ITHACA, N.Y. - A new clinical model developed by Cornell Tech researchers aims to respond systematically and effectively to the growing array of digital threats against victims of intimate partner violence. Working with the New York City Mayor's Office to End Domestic and Gender-Based Violence, the researchers created and piloted a questionnaire, a spyware scanning tool and a diagram for assessing clients' digital footprints.
The first-of-its-kind model can help counselors without tech expertise pinpoint online abuse - and protect the safety of abuse victims and their advisers. Using this strategy, researchers found potential spyware, compromised accounts or exploitable misconfigurations for 23 of the 44 clients they advised.
"Prior to this work, people were reporting that the abusers were very sophisticated hackers, and clients were receiving inconsistent advice," said Diana Freed, Cornell Tech doctoral student in the field of information science and co-lead author of "Clinical Computer Security for Victims of Intimate Partner Violence," presented Aug. 14 at the USENIX Security Symposium in Santa Clara, California.
"Some people were saying, 'Throw your device out.' Other people were saying, 'Delete the app.' But there wasn't a clear understanding of how this abuse was happening and why it was happening," Freed said. "We felt that a methodical approach through a uniform, data-driven consultation would yield better results so we can help other advocates do this type of work at the level it's needed."
Co-first author of the paper is Sam Havron, Cornell Tech doctoral student in computer science. Senior authors are Nicola Dell, assistant professor at the Jacobs Technion-Cornell Institute at Cornell Tech, and Thomas Ristenpart, associate professor at Cornell Tech.
The authors are among the researchers from Cornell Tech, Cornell in Ithaca and New York University collaborating to improve technological safety and security for survivors of intimate partner violence. Dell and Ristenpart were recently awarded a $1.2 million grant from the National Science Foundation to continue their research examining the role of tech in intimate partner abuse.
Abusers use a range of digital tools to stalk or harass their victims, from traditional spyware to tracking apps intended for more benign purposes, like finding one's phone. It can be extremely challenging to detect vulnerabilities amid the sheer number of apps, digital devices and online accounts most people use daily - particularly for counselors without tech skills.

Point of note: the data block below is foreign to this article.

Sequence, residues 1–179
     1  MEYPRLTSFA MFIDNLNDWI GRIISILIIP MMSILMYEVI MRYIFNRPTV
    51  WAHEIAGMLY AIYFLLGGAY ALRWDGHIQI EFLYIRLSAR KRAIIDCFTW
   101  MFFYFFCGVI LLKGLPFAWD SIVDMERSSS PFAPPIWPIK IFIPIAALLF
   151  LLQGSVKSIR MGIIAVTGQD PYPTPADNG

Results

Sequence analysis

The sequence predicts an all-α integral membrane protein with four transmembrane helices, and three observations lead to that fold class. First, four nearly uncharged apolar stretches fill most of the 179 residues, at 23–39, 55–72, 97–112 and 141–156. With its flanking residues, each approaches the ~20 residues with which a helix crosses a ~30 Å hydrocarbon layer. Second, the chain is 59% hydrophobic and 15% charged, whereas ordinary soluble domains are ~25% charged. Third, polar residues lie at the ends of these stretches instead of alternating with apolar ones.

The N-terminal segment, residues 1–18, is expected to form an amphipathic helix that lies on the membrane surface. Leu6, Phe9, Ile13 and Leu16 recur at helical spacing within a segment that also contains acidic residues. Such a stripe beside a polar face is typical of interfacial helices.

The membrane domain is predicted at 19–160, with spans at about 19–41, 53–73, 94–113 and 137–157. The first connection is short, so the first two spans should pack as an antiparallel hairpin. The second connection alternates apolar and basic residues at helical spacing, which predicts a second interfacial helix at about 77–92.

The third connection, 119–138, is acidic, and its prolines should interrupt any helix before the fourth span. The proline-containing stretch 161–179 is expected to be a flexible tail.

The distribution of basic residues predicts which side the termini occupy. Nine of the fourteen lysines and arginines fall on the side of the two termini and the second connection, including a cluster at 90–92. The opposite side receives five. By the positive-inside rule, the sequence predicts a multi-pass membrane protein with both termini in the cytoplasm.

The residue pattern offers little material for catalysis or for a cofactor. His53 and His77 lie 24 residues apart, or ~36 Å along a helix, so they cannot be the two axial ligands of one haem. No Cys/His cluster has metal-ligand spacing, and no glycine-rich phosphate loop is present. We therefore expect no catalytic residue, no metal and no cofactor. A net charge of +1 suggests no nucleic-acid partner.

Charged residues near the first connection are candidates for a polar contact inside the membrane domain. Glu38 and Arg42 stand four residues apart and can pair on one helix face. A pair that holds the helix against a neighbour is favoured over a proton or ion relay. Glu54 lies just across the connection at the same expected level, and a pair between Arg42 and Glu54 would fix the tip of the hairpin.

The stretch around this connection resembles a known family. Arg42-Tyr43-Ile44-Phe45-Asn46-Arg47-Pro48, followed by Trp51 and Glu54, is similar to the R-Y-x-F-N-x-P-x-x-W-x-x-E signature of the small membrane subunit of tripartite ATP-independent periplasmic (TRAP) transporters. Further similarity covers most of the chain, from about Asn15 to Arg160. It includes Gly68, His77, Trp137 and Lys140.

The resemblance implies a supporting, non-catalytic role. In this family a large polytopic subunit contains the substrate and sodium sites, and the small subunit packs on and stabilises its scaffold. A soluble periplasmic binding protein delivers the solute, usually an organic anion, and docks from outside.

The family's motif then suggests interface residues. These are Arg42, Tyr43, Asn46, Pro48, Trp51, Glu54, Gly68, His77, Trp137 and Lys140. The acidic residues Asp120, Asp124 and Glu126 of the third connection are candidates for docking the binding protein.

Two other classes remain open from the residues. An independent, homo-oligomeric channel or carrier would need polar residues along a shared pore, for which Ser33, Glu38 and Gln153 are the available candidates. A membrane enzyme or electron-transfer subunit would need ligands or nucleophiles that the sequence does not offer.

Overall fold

"They were making their best efforts, but there was no uniform way to address this," Havron said. "They were using Google to try to help clients with their abuse situations."
At the same time, tech experts don't have the background to advise clients how to fix problems in ways that won't endanger them, such as angering an abuser who just noticed a deleted app or a changed password.
The researchers run a weekly tech clinic in New York City's Family Justice Centers, which provide a full range of services for intimate partner abuse victims. Through this work, the team developed and piloted its Technology Assessment Questionnaire, which includes such questions as, "Does the abuser show up unexpectedly or know things they shouldn't know?" and "Is there a chance the abuser knows (or could guess) the answers to your password reset questions?"
They also created the "technograph," a diagram which helps summarize clients' digital assets; and ISDi (IPV Spyware Discovery), a spyware scanning tool. ISDi scans devices for known spyware apps through a USB cable, rather than a downloadable app, making it impossible for an abuser to detect.
"This sort of tool doesn't exist anywhere else," Havron said. "In earlier work, we did a comprehensive scrape of the Google Play Store and eventually compiled a list of thousands of apps across marketplaces, and that's what the ISDi is based on."
The questionnaire, technograph and ISDi are all freely available on the project team's website.
Though the paper focused on intimate partner abuse, this method could be useful for any victims of online abuse, such as activists, dissidents or journalists, the researchers said.
"It's consistent, it's data-driven and it takes into account at each phase what the abuser will know if the client makes changes," Freed said. "This is giving people a more accurate way to make decisions and providing them with a comprehensive understanding of how things are happening."
The paper is co-authored by Rahul Chatterjee and Damon McCoy of NYU. The research was funded by the National Science Foundation and gifts from Comcast and Google.